​Maria Michaelides, 36, thought there was no way out.

The Kitchener, Ont., woman started taking Percocet for chronic pain five years ago. At first, she used the medication as prescribed.

At the time, Michaelides was caught in an abusive relationship that chipped away at her emotional resolve, and she says she began to see Percocet as an escape.

Before long, she found herself buying pills from street dealers. She dabbled in morphine and Oxycontin — anything that would prevent withdrawal symptoms, such as vomiting, pain and devastating depression.

"I realized I had a problem," she said. "I didn't know what to do."

Michaelides is among a number of Canadians who have turned to psychotropic plants in an effort to stop using opiates when they feel conventional treatments, such as the opiate-replacement drugs methadone and suboxone, aren't working.

Advocates say the plants, called entheogens on account of their mind-altering effects, induce a reflective mental state that allows users to confront the psychological roots of their addictions.

iboga shrub

An iboga plant native to Gabon in Central Africa. Iboga is used in traditional ceremonies by some of the country's residents to induce visions. (Spencer Woodard)

Iboga, a shrub found in West Africa, is one of the plants being used to supplement conventional addiction medicine in the face of a growing opioid crisis. 

Ibogaine, the active chemical compound isolated from the dried root bark of iboga, causes hallucinations that can last as long as 36 hours when ingested.

Ibogaine promising but toxic, researcher says

Mark Haden, a public health researcher at the University of British Columbia and chair of the Multidisciplinary Association for Psychedelic Studies Canada, says ibogaine is "profoundly effective" at chemically interrupting the intense withdrawal symptoms experienced by people dependent on opiates.

Iboga

Dried plant material from the Iboga shrub. (Malone Mullin/CBC)

It has also been reported to induce dream-like states and flashbacks to childhood memories that can help a person meditate on past trauma. 

But Haden says despite its benefits, he is no longer interested in studying the drug.

'Ibogaine is too toxic. It has a chance of death, and we can't take that risk.' - Mark Haden, public health researcher

"Ibogaine is too toxic," he says. "It has a chance of death, and we can't take that risk."

Ibogaine can decrease a person's heart rate, resulting in cardiac arrest in some cases. At least 19 deaths have been linked to ibogaine worldwide since 1990, according to a 2012 study.

Health Canada lists seven reported cases of adverse reactions to the drug, which range from vomiting to seizures.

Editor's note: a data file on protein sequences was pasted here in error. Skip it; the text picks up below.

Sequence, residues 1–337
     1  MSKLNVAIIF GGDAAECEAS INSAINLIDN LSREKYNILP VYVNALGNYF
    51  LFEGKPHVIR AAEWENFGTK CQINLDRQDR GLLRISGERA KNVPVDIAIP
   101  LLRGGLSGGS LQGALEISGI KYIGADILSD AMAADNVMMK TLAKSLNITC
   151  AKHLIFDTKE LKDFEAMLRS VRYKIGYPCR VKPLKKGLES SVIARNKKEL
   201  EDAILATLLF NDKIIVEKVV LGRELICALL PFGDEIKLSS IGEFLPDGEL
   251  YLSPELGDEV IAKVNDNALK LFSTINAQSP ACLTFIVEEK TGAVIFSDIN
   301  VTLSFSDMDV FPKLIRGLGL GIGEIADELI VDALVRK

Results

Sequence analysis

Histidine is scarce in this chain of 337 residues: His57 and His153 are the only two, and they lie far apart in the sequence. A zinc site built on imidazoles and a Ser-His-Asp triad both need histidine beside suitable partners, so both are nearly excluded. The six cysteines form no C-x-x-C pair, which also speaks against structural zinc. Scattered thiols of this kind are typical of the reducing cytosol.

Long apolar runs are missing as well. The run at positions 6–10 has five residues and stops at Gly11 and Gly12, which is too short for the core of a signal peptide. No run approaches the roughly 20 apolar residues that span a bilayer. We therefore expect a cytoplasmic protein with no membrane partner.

A 2016 case study co-authored by Dr. Evan Wood, director of the B.C. Centre on Substance Use, noted that although ibogaine appears to chemically reduce cravings for opiates, scientists don't really understand how the drug works on the brain.

'It saved my life'

When Michaelides realized she needed help with her addiction, she went to a doctor for methadone, the most widely used opiate addiction treatment in Canada.

Maria

Maria Michaelides, from Kitchener, Ont., says ibogaine helped her manage her opiate addiction when other treatments failed. (Maria Michaelides)

But according to Michaelides, the methadone caused lethargy and weight gain, and she says it even damaged her teeth. She says she couldn't come off the synthetic opioid, either.

"I tried to stop and just couldn't handle the withdrawals. The depression was so severe."

Michaelides turned to black-market prescription opiates once again — and eventually to heroin.

After smoking heroin for three months, Michaelides was ready for another shot at treatment.

This time, she visited Liberty Root, a private, unregulated ibogaine-treatment centre in Vancouver that promises to take opiate users on a "spiritual" journey to recovery using ibogaine.

While the drug is legal to possess, "the sale of health products containing ibogaine in Canada is not permitted," according to a statement from Health Canada.

Iboga Flower

A flowering iboga shrub. (Spencer Woodard)

But ibogaine treatment is available. Michaelides paid $8,000 for her 10-day retreat in B.C.

"I had to go to my parents to ask them for the money," she said. "I was very lucky that they agreed to pay for it because it saved my life."

Thanks to a single dose of ibogaine, she says, she is no longer dependent on opiates. Other users opt to take smaller doses over time

Private Vancouver clinic treated 200 people

Trevor Millar, who founded the Liberty Root clinic in 2013, says he has always taken extensive measures to prevent harm to his clients.

"We're trying to do everything legitimately," Millar said.

He says his patients were required to submit electrocardiogram results and were monitored by a registered nurse after ingesting the capsules of powdered iboga root he provided.

He recently decided to close his clinic but says in the time it was operating, he administered ibogaine to about 200 people. Only one person ended up in the emergency room, but that individual submitted fraudulent ECG results, Millar said. 

Liberty Root

About 200 people have used the Liberty Root ibogaine clinic in White Rock, B.C. , since it opened in 2013. It's slated to shut down soon. (Trevor Millar)